the parent DataTable on which the ForeignKeyConstraint was created, then the same
change is also made in any corresponding DataRow objects in the child DataTable. You
should set UpdateRule to None in your program; otherwise, as you'll learn in the next
section, you'll run into problems when pushing changes from your DataSet to the
database.
By default, DeleteRule is set to Cascade; therefore, when you delete a DataRow in the
parent DataTable, any corresponding DataRow objects in the child DataTable are also
deleted. This is fine, as long as you remember to push the deletes to the child table before
you push the deletes to the parent table.
Updating the Primary Key of a Parent Table and Pushing the Change to the
Database
In this section you'll learn what happens if you attempt to update the primary key in a
parent table when there are corresponding rows in the child table. Assume the following:

There is a row in the Customers table with a CustomerID of J6COM. A copy of
this row is stored in a DataTable named customersDT.

There is a row in the Orders table that also has a CustomerID of J6COM. A copy
of this row is stored in a DataTable named ordersDT.

The customersDT and ordersDT DataTable objects are related to each other using
the following DataRelation:

DataRelation customersOrdersDataRel =

new DataRelation(

"CustomersOrders",

customersDT.Columns["CustomerID"],

ordersDT.Columns["CustomerID"]

);

myDataSet.Relations.Add(

customersOrdersDataRel

);
Now, the two settings for the Cascade Update Related Fields check box for
FK_Orders_Customers are

Unchecked, meaning that changes to the CustomerID primary key value in the
Customers table are not cascaded to the Orders table. This is the default.

Checked, meaning that changes to the CustomerID primary key value in the
Customers table are cascaded to the Orders table.
In addition, the settings of interest for the UpdateRule property of the
ForeignKeyConstraint object added when the earlier DataRelation was created are

Cascade, meaning that changes to the CustomerID DataColumn of customersDT
are cascaded to ordersDT. This is the default.

None, meaning that changes to the CustomerID DataColumn of customersDT are
not cascaded to ordersDT.
Let's examine the three most important cases that vary the checking of the Cascade
Update Related Fields box and setting of the UpdateRule property to Cascade and then
None.

Note You can use the ModifyingRelatedData2.cs program as the basis for trying out the
three cases described in this section.
First Case
Assume the following:

Cascade Update Related Fields box is checked.

UpdateRule is set to Cascade.
If you change to the CustomerID DataColumn from J6COM to J7COM and push the
change to the database, then the change is made successfully in the customersDT and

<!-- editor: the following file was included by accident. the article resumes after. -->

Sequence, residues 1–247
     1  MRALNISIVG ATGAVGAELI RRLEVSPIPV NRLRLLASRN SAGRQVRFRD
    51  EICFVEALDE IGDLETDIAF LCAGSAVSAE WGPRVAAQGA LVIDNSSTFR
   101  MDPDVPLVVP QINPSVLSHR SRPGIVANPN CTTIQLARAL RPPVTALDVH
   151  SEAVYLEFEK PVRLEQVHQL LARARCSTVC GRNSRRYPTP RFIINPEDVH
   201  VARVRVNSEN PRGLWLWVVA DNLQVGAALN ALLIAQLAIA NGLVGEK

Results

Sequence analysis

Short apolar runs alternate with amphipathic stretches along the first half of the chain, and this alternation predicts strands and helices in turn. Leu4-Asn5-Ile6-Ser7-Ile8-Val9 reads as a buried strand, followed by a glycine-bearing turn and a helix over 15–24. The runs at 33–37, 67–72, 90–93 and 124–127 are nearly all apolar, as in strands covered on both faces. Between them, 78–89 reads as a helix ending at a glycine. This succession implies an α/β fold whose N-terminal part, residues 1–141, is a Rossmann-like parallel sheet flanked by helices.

ordersDT DataTable objects and also in the Customers and Orders database tables.
This works as long as you use only the OrderID column in the WHERE clause of the
Command object in the UpdateCommand property of your DataAdapter. For example:
ordersUpdateCommand.CommandText =
"UPDATE Orders " +
"SET " +
" CustomerID = @NewCustomerID " +
"WHERE OrderID = @OldOrderID";
This UPDATE uses "last one wins" concurrency since only the OrderID primary key
column is used in the WHERE clause (the old CustomerID column is left out of the
WHERE clause). As mentioned in the previous chapter
, "last one wins" concurrency is
bad because one user might overwrite a change made by another user.
If instead you also include the old CustomerID column value in the WHERE clause of
the UPDATE, as shown in the following example,
ordersUpdateCommand.CommandText =
"UPDATE Orders " +
"SET " +
" CustomerID = @NewCustomerID " +
"WHERE OrderID = @OldOrderID " +
"AND CustomerID = @OldCustomerID";
then pushing the change to the database would fail because the original row in the orders
table wouldn't be found. The original row wouldn't be found since the CustomerID has
already been changed from J6COM to J7COM in the Orders table automatically by the
database because Cascade Update Related Fields is checked for the foreign key in the
Orders table, but in ordersDT the old CustomerID is set to J6COM. Therefore, the
addition of OrderID = @OldOrderID in the WHERE clause prevents the row from being
found. Instead, the UPDATE causes a DBConcurrencyException to be thrown.
Second Case
Assume the following:

Cascade Update Related Fields is unchecked.

UpdateRule is set to Cascade.

The CommandText property of the Command object in the UpdateCommand
property of the DataAdapter is set as follows:

ordersUpdateCommand.CommandText =

"UPDATE Orders " +

"SET " +

" CustomerID = @NewCustomerID " +

"WHERE OrderID = @OldOrderID";